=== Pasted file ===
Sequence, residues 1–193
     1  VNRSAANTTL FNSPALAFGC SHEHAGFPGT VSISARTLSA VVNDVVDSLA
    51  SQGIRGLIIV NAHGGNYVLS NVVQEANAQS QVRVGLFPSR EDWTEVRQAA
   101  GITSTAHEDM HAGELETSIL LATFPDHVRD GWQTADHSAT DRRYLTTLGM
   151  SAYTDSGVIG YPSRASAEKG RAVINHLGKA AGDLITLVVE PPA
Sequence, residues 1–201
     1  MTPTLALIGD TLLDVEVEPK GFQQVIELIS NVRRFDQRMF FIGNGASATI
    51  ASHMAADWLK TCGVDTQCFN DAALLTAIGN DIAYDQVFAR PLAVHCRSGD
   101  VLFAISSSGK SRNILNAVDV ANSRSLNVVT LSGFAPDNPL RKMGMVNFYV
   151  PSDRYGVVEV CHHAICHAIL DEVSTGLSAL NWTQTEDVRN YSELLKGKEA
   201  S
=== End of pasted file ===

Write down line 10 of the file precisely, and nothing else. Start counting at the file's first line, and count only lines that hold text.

   151  PSDRYGVVEV CHHAICHAIL DEVSTGLSAL NWTQTEDVRN YSELLKGKEA